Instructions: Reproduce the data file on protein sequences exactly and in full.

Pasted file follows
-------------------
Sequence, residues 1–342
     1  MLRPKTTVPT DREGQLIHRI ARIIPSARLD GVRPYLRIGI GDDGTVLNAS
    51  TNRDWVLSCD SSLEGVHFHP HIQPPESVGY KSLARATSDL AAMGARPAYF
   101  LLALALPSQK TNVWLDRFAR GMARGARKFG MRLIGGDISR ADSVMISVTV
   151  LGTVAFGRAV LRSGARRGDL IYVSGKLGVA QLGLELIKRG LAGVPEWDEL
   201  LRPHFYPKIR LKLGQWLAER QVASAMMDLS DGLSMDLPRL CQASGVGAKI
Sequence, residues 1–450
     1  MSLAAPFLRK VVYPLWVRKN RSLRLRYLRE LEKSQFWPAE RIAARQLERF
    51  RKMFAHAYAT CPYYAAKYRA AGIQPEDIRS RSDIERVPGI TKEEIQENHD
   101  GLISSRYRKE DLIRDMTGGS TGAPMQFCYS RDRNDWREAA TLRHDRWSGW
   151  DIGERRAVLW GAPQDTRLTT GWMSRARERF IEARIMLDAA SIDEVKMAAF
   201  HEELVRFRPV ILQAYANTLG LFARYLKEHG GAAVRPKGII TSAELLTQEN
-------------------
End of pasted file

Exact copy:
Sequence, residues 1–342
     1  MLRPKTTVPT DREGQLIHRI ARIIPSARLD GVRPYLRIGI GDDGTVLNAS
    51  TNRDWVLSCD SSLEGVHFHP HIQPPESVGY KSLARATSDL AAMGARPAYF
   101  LLALALPSQK TNVWLDRFAR GMARGARKFG MRLIGGDISR ADSVMISVTV
   151  LGTVAFGRAV LRSGARRGDL IYVSGKLGVA QLGLELIKRG LAGVPEWDEL
   201  LRPHFYPKIR LKLGQWLAER QVASAMMDLS DGLSMDLPRL CQASGVGAKI
Sequence, residues 1–450
     1  MSLAAPFLRK VVYPLWVRKN RSLRLRYLRE LEKSQFWPAE RIAARQLERF
    51  RKMFAHAYAT CPYYAAKYRA AGIQPEDIRS RSDIERVPGI TKEEIQENHD
   101  GLISSRYRKE DLIRDMTGGS TGAPMQFCYS RDRNDWREAA TLRHDRWSGW
   151  DIGERRAVLW GAPQDTRLTT GWMSRARERF IEARIMLDAA SIDEVKMAAF
   201  HEELVRFRPV ILQAYANTLG LFARYLKEHG GAAVRPKGII TSAELLTQEN